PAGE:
Online Gaming Apps Will Be Classified Under Skills Or Luck Based Games
A government panel suggested that India form a regulatory body which would classify online games as based on skill or chance.
Aside from that, the body can introduce rules to block prohibited formats and take a stricter stance on gambling websites.
How these games work
For online games such as fantasy cricket on Dream11, paid contests remain a popular attraction.
Users can create their teams by spending as little as Rs 14 rupees, with a total prize pool of Rs 7 million ($88,000) up for grabs by winners.
The top-ranking performer can take home Rs 2,75,000 ($3,462).
The government panel said that online gaming companies should be required to report any “suspicious transactions” to the government’s Financial Intelligence Unit.
Foreign investors such as Tiger Global and Sequoia Capital have backed gaming startups Dream11 and Mobile Premier League, hugely popular for fantasy cricket.
The report is seen as shaping the future of the mobile gaming industry in India which is estimated to reach $5 billion by 2025, from $1.5 billion this year.
A 2020 report by Indian trade group FICCI and consulting firm EY stated that of Rs 65 billion ($817 million) garnered by the online gaming industry last year, transaction-based gaming, including real money, contributed 71 percent, or Rs 46 billion.
However, gaming companies are now facing mounting concerns over games causing addiction and “inconsistent state laws” disrupting business.
In its confidential draft report the panel of government officials calls for the creation of a new regulatory body under India’s IT ministry.
They are responsible to determine which online games qualify as games of skill, then “seek compliances and enforcement.”
To streamline the legal framework, the 108-page report says India needs a new federal online gaming law.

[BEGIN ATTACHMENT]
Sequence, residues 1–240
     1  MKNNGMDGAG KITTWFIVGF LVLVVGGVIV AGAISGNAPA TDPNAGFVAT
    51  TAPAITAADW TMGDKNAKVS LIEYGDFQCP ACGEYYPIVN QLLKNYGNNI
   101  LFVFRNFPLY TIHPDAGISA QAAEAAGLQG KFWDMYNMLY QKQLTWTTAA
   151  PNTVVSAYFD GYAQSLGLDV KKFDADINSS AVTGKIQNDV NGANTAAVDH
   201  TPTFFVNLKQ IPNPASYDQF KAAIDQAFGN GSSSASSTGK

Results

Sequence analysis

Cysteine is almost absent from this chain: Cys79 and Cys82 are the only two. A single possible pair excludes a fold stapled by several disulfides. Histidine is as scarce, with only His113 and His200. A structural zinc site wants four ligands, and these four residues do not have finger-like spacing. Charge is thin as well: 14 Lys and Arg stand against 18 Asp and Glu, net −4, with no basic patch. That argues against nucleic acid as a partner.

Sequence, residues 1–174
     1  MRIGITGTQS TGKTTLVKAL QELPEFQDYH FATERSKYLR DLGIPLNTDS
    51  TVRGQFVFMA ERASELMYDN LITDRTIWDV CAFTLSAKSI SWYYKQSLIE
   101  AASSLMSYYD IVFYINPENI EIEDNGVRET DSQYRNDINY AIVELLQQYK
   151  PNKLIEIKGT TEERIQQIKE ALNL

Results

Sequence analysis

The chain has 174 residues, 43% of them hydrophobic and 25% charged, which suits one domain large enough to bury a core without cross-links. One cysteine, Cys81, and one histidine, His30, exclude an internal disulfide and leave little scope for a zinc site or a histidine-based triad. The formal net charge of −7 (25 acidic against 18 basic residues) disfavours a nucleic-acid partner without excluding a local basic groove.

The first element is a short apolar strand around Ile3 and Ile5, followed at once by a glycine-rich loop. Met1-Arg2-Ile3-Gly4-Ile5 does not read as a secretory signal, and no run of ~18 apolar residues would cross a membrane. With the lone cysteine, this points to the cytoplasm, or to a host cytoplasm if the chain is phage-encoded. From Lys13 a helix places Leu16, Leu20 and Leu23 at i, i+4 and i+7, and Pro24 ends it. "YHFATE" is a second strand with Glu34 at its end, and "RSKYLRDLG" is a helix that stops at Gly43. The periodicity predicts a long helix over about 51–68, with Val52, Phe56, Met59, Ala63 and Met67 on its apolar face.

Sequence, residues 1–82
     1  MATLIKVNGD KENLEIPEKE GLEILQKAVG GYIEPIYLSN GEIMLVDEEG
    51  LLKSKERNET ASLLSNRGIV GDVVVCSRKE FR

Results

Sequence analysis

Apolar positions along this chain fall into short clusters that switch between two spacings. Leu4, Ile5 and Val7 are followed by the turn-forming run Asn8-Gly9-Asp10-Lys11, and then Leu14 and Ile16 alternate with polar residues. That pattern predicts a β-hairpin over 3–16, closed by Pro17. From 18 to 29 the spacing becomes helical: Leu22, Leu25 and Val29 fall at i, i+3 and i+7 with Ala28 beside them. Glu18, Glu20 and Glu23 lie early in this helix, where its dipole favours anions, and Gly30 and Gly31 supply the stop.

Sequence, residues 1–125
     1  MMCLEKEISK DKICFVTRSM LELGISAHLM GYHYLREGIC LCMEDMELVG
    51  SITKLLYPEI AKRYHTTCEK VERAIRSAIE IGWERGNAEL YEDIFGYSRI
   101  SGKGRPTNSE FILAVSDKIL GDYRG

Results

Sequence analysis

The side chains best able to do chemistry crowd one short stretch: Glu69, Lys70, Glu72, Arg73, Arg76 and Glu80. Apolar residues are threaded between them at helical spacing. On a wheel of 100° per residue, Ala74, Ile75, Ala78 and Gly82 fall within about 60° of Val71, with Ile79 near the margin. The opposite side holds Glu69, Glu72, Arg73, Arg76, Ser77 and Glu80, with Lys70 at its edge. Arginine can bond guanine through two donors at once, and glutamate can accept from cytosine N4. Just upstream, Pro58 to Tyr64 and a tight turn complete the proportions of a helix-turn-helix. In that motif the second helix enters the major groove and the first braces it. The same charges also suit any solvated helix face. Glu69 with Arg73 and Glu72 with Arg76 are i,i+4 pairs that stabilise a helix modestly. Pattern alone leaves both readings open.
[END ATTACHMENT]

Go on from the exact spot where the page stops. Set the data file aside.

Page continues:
The law would provide regulatory flexibility “with punishment provisions, along with blocking powers, for the government against prohibited gaming formats”.
Though the panel considered only online skill games, and not gambling it noted that many illegal offshore betting and gambling websites in India have become popular among Indian users.
The government report noted that the proliferation of such games among the youth had led to an addiction that often caused financial losses, with some reported cases of suicides.
The report calls for laws and rules to include “de-addiction measures” such as periodic warnings and advisories and fixing deposit and withdrawal limits.
It also calls for “responsible advertising”.
Dream11 is valued at $8 billion, while Mobile Premier League is valued at $2.5 billion.
Lives are lost but valuations soar.
New legal framework
The new legal framework would apply to both free and pay-to-play skill games.
The report stated the proposed Digital India Act can include prohibiting games of chance (e.g. gambling websites or apps) being played online in the list of “prohibited user harms that will not be permitted.”
The IT ministry will finalise the report after receiving further comments from panel members such as some of Modi’s top bureaucrats including the heads of the revenue and sports ministries.
The next step is sending it to the cabinet secretariat for approval.
However there is no timeline for finalisation.
Pros and cons
A senior gaming industry executive said the recommendation that a regulatory body evaluates different formats of online games could raise entry barriers for new companies.
It would also increase scrutiny of companies’ current offerings.
However the executive did say that new regulations will bring “regulatory clarity, certainty and investments for the sector.”